“Fortunately, there had been a person in Georgia, who in the middle of the XX century did wide and profound study of Georgian martial art and methods of raising up a warrior. This person was a Doctor of Pedagogical Science, Associate Member of International Committee for Sports, History and Physical Education, Professor Vasil Elashvili. He was excellent fencer, weapon expert and ethnographer. I am happy that for several years I was one his numerous students.”
Master of Martial Arts Yuri Keinashvili
Khevsurs believed that man should be “perfect in everything” – healthy, strong and active. He should endure cold and heat, all kinds of difficulties of work and war; his complexion and flesh and eyes should demonstrate his valour.
Khevsurs lived near border, so they understood very well that compared to inhabitants of valley they must be better trained physically and prepared for life of warrior. They always behaved with abstinence, arrogance and even haughtiness, often causing envy and jester of neighbours.
It was necessary for Khevsurs to know old customs and legends of model bravery, describing glorious and worthy examples of ancient heroes. Old stories and myths took important place in life of Khevsurs.
Physical and military education of a Khevsur boy started at the age of 5-6 years, when he was already able to act consciously and to understand why he has to perform this or that exercise, or to participate in a game or entertainment. Later, after the approximate age of 7, the boy was preparing for future activities. At this time he already could run fast on small distances, ski well on very special ancient Georgian short mountain skis, slide bravely down the mountains by sledge, was good at climbing and various kinds of jumping. At this age he also demonstrated interest and liking towards weapons, in particular common bow and crossbow. Boys of 10-12 years started shooting firearms.
Physical development and military education of Khevsurs was completed through walking in the mountains, running, rock climbing or climbing 8-10 meter beam knocked in the ground. They learned to ride saddled and unsaddled horses. Special kind of training was so called “Tskhen-mkhedriani” (in other words, racing).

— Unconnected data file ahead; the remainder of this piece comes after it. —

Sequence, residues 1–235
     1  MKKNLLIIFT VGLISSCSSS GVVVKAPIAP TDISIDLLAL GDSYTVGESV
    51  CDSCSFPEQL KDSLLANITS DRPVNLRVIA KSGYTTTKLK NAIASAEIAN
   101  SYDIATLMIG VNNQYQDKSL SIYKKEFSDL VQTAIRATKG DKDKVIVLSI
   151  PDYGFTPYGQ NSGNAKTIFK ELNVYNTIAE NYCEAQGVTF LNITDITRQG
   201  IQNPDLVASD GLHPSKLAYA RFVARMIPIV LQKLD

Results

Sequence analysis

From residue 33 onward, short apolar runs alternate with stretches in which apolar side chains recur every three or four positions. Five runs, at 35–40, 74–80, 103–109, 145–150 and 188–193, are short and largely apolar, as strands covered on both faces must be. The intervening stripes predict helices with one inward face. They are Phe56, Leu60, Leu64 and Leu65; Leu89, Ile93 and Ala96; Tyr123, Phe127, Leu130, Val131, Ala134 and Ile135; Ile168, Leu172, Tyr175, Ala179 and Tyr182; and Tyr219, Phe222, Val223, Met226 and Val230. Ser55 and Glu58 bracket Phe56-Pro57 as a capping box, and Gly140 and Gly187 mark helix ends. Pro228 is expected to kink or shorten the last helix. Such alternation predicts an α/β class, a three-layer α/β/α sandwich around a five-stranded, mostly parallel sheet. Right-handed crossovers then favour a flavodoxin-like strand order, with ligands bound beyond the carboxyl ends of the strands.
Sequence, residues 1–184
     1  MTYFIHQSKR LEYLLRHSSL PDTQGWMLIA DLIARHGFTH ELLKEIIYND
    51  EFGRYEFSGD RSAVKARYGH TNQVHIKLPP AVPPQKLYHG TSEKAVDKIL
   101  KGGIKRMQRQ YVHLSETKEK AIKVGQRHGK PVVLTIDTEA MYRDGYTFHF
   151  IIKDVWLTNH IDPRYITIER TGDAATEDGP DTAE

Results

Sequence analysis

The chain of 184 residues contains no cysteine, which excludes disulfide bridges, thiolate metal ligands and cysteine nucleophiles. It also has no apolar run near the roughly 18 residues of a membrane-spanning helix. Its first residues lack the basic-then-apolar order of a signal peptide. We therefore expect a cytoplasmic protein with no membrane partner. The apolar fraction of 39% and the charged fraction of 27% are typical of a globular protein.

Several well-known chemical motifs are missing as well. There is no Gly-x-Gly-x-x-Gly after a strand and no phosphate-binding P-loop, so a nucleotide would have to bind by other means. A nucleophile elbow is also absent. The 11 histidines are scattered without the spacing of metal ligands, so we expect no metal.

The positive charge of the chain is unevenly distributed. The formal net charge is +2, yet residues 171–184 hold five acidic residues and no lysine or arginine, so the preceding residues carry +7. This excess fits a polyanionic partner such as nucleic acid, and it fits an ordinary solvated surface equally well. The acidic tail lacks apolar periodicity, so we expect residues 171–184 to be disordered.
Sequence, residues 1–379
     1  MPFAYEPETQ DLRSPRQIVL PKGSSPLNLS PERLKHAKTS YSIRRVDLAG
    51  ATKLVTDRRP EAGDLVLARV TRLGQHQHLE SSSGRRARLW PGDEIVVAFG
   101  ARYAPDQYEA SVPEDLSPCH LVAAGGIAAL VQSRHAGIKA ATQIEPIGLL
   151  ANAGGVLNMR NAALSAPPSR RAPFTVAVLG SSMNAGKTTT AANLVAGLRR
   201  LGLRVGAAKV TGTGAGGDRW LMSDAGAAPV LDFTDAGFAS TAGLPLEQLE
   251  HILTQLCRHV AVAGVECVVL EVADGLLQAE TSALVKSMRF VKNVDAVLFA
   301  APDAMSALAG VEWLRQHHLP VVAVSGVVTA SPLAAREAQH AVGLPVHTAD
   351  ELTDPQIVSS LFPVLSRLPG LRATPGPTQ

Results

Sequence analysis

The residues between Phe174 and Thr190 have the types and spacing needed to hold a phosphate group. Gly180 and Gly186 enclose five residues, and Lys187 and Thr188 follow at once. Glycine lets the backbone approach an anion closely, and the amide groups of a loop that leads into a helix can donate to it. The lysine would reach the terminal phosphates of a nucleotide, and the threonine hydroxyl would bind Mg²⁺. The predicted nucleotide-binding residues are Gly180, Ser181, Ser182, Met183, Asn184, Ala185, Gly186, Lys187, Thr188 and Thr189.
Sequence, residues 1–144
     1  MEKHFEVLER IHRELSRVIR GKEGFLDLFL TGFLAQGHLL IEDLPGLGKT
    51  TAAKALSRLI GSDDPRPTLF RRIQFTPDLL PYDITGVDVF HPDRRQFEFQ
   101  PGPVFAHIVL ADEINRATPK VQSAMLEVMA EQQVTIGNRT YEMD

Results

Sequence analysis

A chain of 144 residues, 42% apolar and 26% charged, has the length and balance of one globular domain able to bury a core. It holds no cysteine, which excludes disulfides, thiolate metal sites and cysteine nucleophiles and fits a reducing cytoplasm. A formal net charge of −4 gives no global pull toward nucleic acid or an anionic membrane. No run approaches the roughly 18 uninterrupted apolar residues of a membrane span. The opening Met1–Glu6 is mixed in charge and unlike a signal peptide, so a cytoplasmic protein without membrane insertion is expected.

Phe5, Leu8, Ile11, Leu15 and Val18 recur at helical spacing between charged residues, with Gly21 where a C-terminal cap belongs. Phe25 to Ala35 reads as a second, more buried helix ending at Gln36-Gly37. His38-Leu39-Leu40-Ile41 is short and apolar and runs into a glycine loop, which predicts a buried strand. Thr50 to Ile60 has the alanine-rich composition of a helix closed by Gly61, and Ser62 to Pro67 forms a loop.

Learning riding involved a lot of complicated skils: mounting and dismounting the horse, bending aside etc. For example, it was a shame and a matter of mocking if a rider put his stomach on the back of the horse while mounting.
Physical training was also reinforced by various kinds of jumping, throwing small stones, pushing around heavy ones, shooting common bow, crossbow, muzzle-loader, flintlock gun and rifle. Folk performances and dances were also very important: round dance, dance with daggers, dance on tip-toe and combination of all these.
As to duels of Khevsurs – fencing, hand-to-hand fighting, Khevsur art of horse-racing etc., being one of the most unique martial arts in the world, they require separate discussion.
What does Khevsur fencing include?
Fencing was friendly, light duel between Khevsurs of the same village or the same clan. Such a duel was an exercise and competition for the participants while being entertaining and educational for outsiders. Such single combats were held during male gatherings, “Phekhoni”, or during other peaceful meetings, for example, religious festivals. Fencing was a form of learning how to use sword and shield.
“Shugli” (feuding) was usually held between men of different clans. It was a result of a quarrel, disagreement, clashing and ended up in wounds. It was a combat in which parties were trying to wash down an offence with a drop of blood.
What weapons were used for “Chroba” (wounding)? – Khevsurian sword, rapier, dagger (“white weapons”, or the weapons to wear in sheath); “Satiteni” – battle thimbles (steel rings of various kinds – beating weapon) and so on.
How do Khevsurs hold shield and sword?
Khevsur fencing is characterized by holding both hands together all the time, paired, with sword in the right and shield in the left hand, while both hands move. There is no similar manner of holding weapons anywhere in the world and we can boldly call it Khevsurian reciprocal (paired) holding.
Khevsurs reach such skill in using sword that they can aim to make well targeted strikes with estimated force, only to wound lightly, to cut, to shed only a drop of blood.
What is the system of hand-to-hand combat?
Hand-to-hand combat is a subsystem of martial art, during which the adversaries come so close to each other that it becomes impossible to use “white weapon” (sword, rapier etc.). Then the rules of hand-to-hand combat come into the action.
Hand-to-hand combat is one of the complicated, responsible and key kinds of the duel. It is important not to let the adversary (or adversaries) to get too close grip and to put him out of action before this – wound him enough to put stop to an aggressive attack. For this purpose hidden side-arms are used, among them “satiteni”.
Professor V. Elashvili studied Khevsurian hand-to-hand combat with “satiteni” in 1960. “Satiteni” is a light steel weapon with pointed or smooth surface, consisting of several (usually three) blades, which is put on a thumb.
The material is provided from the book by Yuri Keinashvili “Georgian Martial Arts, Traditions and History”.